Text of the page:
In the present investigation, HPG, CLPG and EtAPG extracts were evaluated for the exploration of their antimicrobial activity against certain gram-positive and gram-negative bacteria. Our results showed that different fractions have better bacterial growth inhibitory effects on gram-positive bacteria rather than gram-negative bacteria. It has been reported that the chemical compounds present in Psidium guajava such as anthocyagens, alkaloids, flavonoids, tannins and triterpenoids have in-vitro antibacterial activity 16.
Antioxidant properties, particularly radical scavenging activities, are very important to protect against the harmful effects of free radicals in foods and biological systems. DPPH method shows that the guava has remarkable antioxidant contents and these antioxidants do not damage human neutrophils. Extracts in different solvents show that the antioxidant activity of guava depends upon phenolic compounds rather than flavonoids 17, 18. DPPH is a stable free radical that can receive hydrogen or electron from an antioxidant to become a stable molecule. The reduction of DPPH absorption is indicative of the capacity of the extracts to scavenge free radicals, independently of any enzymatic activity.
The method widely used to predict the ability of flavonoids to transfer H-atoms to radicals is based on the free radical, in the DPPH assay 19. The IC50 value of HPG, CLPG and Et APG fractions from Psidium guajava were 29.96 µg/ml, 26.84 µg/ml and 24.29 µg/ml whereas IC50 value of ascorbic acid as a standard was 6.23 µg/ml. Polyphenolic compounds are known to have antioxidant activity and it is likely that the activity of the fractions may be due to the presence of flavanoids in Psidium guajava leaves 20. The key role of phenolic compounds as scavengers of free radicals is emphasized in several reports 21 and the activity is mainly attributed to their redox properties, which play an important role in absorbing and neutralizing free radicals, quenching singlet and triplet oxygen or decomposing peroxides 22. The present study has shown to establish the remarkable analgesic potential of HPG, CLPG and ET APG Table 4.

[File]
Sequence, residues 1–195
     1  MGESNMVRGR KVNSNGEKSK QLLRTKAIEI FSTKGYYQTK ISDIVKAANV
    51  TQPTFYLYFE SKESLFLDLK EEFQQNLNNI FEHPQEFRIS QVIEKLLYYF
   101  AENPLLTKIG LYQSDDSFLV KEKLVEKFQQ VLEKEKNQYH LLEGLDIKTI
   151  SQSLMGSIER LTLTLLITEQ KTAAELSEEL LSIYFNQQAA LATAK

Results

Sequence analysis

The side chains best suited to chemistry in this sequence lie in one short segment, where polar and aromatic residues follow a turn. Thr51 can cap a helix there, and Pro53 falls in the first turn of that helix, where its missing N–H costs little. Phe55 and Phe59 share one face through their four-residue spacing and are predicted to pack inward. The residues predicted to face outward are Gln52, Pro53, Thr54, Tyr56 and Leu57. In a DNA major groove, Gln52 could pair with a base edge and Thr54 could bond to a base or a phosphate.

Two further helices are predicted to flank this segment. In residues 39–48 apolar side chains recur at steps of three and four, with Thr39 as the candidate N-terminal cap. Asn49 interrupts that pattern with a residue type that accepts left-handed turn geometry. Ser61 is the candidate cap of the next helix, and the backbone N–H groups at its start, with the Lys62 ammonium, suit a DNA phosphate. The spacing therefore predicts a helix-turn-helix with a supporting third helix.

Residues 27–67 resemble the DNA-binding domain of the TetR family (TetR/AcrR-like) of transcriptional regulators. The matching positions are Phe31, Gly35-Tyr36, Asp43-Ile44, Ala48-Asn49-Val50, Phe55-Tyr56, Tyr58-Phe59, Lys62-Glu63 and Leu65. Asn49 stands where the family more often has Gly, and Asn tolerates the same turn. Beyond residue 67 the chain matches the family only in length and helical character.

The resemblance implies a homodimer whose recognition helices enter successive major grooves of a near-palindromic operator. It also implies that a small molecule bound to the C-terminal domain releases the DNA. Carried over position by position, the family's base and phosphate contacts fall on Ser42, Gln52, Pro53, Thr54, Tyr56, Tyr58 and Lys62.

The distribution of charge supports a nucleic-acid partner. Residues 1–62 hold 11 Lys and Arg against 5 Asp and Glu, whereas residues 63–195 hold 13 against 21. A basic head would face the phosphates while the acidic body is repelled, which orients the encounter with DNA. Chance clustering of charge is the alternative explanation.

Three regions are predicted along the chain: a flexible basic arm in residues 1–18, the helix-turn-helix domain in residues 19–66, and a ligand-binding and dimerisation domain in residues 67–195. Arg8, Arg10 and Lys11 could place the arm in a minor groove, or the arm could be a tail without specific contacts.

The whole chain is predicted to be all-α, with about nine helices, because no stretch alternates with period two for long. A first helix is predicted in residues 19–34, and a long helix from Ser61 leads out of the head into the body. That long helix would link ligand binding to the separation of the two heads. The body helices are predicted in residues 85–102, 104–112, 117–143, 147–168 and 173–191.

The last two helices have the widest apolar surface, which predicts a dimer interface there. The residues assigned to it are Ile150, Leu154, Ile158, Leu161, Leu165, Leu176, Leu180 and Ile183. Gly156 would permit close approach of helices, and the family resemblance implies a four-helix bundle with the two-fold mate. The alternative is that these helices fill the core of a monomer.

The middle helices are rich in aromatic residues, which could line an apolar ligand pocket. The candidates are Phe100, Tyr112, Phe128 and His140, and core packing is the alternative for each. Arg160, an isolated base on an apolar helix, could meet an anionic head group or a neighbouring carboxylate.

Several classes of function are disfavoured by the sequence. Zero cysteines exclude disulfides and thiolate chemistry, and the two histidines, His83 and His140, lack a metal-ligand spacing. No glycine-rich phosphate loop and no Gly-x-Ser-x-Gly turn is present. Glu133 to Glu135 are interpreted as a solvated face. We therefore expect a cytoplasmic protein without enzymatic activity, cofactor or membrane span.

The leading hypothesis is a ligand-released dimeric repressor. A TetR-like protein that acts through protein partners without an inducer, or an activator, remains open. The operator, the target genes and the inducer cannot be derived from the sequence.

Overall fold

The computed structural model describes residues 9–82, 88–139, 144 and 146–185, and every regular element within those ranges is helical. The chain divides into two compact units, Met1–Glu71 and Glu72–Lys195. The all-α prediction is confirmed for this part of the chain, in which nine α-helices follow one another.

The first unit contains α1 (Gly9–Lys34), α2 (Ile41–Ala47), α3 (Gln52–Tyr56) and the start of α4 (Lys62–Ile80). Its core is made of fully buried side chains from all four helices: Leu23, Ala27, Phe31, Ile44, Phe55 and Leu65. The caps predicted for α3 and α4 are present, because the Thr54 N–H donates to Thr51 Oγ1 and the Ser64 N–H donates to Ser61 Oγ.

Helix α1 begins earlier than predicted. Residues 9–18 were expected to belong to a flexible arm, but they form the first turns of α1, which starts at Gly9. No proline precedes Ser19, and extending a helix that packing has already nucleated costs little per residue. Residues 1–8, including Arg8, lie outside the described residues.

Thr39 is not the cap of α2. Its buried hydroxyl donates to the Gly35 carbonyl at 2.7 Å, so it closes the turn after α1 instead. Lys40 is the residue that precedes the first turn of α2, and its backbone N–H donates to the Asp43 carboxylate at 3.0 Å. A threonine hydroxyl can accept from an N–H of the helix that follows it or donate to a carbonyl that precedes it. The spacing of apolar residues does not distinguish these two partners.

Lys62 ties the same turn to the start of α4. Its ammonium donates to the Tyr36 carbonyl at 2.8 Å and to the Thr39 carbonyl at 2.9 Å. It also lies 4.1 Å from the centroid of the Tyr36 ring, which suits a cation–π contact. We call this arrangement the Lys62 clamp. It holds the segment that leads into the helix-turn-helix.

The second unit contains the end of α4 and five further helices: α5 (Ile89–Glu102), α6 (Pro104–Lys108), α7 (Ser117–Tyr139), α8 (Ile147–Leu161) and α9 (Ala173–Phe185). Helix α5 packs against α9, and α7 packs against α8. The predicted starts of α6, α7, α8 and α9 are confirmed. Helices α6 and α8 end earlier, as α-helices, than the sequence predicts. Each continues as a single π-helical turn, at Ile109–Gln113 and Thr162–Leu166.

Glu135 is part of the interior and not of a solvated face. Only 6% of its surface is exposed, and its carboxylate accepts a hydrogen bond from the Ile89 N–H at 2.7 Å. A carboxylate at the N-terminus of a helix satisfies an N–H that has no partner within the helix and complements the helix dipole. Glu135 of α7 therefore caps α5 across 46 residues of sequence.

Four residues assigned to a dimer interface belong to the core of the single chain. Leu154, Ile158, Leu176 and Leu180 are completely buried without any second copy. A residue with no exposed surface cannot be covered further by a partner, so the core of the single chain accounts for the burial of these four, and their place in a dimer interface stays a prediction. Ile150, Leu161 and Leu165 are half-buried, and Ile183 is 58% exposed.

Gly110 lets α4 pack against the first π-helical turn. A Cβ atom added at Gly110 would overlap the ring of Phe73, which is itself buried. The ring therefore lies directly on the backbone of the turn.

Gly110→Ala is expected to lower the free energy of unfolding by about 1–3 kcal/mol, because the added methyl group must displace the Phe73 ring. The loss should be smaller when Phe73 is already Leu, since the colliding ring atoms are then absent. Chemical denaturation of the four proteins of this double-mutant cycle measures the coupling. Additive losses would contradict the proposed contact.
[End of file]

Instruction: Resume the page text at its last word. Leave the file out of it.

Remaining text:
The acetic acid-induced writhing model represents pain sensation by triggering a localized inflammatory response. Such pain stimulus leads to the release of free arachidonic acid from phospholipids by the action of phospholipase A2 and other acyl hydrolases 23. The prostaglandins mainly prostacyclin and prostaglandin have been reported to be responsible for pain sensation in a localized area. Any agent that lowers the number of writhing will demonstrate analgesia preferably by inhibition of prostaglandin synthesis, a peripheral mechanism of pain inhibition 24. The response is thought to be mediated by peritoneal mast cells, acid-sensing ion channels and the prostaglandin pathway. Flavonoids being powerful antioxidants are reported to play a role in analgesic activity by targeting prostaglandins 25. The possible mechanism of action of inhibition of prostaglandin synthesis is due to the presence of flavonoids in HPG, CLPG and ET APG fractions from Psidium guajava.